Gregory Williamson

Gregory Williamson

Hey 👋  I'm Gregory. I'm dedicated to solving problems, creating change, and building something bigger.

Currently changing lives as a Demand Gen Specialist at Praxis. Developing this website. And looking for my next opportunity to do epic shit.

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How to beat writer's block

Do you ever feel stuck in your creative process?

Most creators stumble into uncreative prisons. They are unable to manifest original ideas and continue to produce new work. For writers, this is called writer’s block. Writer’s block can be a frightening and equally frustrating experience. But it can be beaten.

As a frequent writer, I am forced to overcome creative stagnation regularly. Here are two exercises that pull me back into the flow of creativity:

1. Write a shit-list

One form of writer’s block is the inability to produce new ideas or topics of discussion. This lack of ideas transpires from mental borders that you impose on yourself. For example, you’ve always written about mental health, so you “aren’t allowed” to write about climate change. But when you realize that you are the only one who is stopping you from writing outside of the “normal”, you can begin to expand your creative horizons.

Expansion of ideas can take form in what I call the “shit-list.” To begin, grab your paper or open a new document. Now start listing every writing idea that comes to you, the more awful the idea, the better. The goal is to create a list of the shittiest ideas possible. The crafting of a shit-list is simply an exercise that allows you to tear down self-imposed borders by giving you the freedom to generate horrible ideas.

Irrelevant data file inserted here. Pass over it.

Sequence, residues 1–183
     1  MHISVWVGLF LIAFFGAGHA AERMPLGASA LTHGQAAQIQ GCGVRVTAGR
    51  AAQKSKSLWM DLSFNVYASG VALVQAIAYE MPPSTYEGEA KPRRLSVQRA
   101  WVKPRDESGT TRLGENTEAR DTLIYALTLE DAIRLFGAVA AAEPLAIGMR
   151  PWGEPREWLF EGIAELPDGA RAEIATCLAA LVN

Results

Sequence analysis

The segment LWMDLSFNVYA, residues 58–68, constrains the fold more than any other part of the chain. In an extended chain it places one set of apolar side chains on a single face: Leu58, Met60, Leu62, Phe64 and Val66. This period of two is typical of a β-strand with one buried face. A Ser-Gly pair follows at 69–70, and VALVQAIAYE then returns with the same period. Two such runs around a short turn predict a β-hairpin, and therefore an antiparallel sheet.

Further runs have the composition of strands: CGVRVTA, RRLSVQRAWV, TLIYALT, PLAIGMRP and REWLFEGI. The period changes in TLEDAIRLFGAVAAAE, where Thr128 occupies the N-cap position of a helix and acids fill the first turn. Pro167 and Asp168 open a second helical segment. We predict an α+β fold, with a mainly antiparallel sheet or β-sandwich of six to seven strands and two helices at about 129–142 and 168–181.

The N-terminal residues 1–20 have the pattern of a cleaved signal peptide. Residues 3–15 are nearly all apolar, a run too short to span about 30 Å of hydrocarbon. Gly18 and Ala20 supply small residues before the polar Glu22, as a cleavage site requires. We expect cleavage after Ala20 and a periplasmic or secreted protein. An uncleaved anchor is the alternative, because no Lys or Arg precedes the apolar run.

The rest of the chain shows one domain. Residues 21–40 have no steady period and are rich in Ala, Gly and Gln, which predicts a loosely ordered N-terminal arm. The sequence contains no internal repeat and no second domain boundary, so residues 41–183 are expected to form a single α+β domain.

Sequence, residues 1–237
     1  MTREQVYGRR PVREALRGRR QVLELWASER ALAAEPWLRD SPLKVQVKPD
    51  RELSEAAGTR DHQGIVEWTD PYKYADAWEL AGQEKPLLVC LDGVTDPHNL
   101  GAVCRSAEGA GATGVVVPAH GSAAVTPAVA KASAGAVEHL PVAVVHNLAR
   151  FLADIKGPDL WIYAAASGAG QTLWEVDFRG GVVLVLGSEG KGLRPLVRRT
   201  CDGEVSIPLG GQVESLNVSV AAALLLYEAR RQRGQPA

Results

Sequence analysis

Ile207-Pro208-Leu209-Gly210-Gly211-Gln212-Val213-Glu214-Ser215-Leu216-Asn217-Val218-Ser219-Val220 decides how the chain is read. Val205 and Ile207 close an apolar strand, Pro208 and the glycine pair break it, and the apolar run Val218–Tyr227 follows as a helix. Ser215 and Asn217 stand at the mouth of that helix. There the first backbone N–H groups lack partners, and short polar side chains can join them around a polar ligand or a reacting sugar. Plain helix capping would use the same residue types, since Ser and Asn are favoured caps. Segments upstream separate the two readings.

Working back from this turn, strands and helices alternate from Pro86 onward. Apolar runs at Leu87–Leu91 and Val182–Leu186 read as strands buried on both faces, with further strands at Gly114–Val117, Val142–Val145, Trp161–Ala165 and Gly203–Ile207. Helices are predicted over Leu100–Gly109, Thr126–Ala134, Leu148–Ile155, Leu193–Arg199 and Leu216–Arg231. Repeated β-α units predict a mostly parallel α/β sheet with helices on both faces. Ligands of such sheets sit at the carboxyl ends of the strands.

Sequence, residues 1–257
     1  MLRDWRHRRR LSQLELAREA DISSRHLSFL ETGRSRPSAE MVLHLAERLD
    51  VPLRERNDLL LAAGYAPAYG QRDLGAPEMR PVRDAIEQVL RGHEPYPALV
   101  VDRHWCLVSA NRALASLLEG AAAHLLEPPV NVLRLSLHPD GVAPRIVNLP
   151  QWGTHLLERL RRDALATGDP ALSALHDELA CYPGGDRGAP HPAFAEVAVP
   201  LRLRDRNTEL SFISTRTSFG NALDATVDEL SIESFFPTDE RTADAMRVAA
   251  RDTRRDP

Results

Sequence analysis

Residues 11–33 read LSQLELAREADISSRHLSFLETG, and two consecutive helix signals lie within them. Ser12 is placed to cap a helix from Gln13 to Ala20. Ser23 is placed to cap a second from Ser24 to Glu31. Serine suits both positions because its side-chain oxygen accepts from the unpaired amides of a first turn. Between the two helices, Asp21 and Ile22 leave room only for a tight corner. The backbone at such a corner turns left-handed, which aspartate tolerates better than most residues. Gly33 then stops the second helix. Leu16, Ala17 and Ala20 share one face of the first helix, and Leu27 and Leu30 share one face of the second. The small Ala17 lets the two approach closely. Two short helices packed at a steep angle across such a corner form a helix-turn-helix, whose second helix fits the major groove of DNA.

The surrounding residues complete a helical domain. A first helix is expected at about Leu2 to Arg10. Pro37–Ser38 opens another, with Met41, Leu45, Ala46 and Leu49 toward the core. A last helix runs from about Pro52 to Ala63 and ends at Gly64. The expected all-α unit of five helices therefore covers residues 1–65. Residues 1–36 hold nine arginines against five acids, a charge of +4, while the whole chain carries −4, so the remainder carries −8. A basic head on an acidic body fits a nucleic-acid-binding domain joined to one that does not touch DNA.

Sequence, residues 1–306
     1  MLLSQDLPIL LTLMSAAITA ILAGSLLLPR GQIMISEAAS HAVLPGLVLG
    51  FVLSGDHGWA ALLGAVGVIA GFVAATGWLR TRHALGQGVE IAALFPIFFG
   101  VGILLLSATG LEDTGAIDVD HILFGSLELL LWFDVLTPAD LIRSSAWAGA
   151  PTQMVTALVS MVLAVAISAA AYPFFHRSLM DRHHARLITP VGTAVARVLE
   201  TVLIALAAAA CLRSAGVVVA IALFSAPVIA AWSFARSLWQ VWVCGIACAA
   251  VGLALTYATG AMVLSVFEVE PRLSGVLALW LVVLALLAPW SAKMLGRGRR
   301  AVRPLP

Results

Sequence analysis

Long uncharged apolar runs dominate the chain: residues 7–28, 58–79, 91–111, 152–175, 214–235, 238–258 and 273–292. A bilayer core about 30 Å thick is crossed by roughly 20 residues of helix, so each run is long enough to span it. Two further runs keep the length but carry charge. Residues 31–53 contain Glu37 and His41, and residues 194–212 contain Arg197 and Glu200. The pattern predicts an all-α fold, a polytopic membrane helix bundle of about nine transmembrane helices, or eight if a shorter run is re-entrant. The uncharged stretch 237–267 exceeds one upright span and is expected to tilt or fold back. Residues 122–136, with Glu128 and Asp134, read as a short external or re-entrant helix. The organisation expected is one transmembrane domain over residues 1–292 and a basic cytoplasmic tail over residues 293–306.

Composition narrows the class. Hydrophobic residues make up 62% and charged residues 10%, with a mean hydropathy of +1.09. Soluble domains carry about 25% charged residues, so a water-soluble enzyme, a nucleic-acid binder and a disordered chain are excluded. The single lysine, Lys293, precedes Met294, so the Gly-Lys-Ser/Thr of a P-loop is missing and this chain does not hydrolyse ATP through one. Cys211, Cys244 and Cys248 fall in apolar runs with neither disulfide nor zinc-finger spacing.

Once you complete your list, step away for a few hours or days. When you return to your list, you might be surprised. More often than not, there will be a quality idea mixed in with all the bad.

2. Drink from a fire hydrant

Ever heard of the phrase “You are what you eat”?

It’s by Anthelme Brillat-Savarin, and it speaks to the idea that to create content, you must immerse yourself in content consumption. When you lack ideas or the ability to write the concluding paragraph, consume content relentlessly. To produce, you must feed your brain consistently. In actionable terms, listen to a podcast, read a book, indulge in online articles daily. Drink from the fire hydrant of ideas, overflow your mind with the creations of others. The result is a surplus of inspiration.

Are you stuck? Try the above exercises. Return to the flow of creativity.